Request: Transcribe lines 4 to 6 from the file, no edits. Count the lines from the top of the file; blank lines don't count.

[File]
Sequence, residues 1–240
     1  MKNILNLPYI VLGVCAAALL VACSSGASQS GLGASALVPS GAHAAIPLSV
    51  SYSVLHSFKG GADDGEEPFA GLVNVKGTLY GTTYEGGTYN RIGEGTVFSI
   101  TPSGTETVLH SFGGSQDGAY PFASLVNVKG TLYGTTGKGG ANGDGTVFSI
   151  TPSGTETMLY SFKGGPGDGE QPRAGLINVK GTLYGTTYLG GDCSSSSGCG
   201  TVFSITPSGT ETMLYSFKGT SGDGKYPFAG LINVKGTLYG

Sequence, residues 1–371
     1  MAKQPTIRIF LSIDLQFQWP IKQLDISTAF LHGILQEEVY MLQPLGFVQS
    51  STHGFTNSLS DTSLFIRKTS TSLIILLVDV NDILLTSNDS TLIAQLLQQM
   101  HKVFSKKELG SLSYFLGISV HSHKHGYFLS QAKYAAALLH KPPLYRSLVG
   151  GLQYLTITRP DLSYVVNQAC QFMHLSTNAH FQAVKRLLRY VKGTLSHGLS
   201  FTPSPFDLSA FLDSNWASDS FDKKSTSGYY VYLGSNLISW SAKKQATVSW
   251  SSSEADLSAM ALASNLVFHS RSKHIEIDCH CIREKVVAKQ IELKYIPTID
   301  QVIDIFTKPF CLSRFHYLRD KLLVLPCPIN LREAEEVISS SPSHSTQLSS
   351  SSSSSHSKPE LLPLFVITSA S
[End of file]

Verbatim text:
   101  TPSGTETVLH SFGGSQDGAY PFASLVNVKG TLYGTTGKGG ANGDGTVFSI
   151  TPSGTETMLY SFKGGPGDGE QPRAGLINVK GTLYGTTYLG GDCSSSSGCG
   201  TVFSITPSGT ETMLYSFKGT SGDGKYPFAG LINVKGTLYG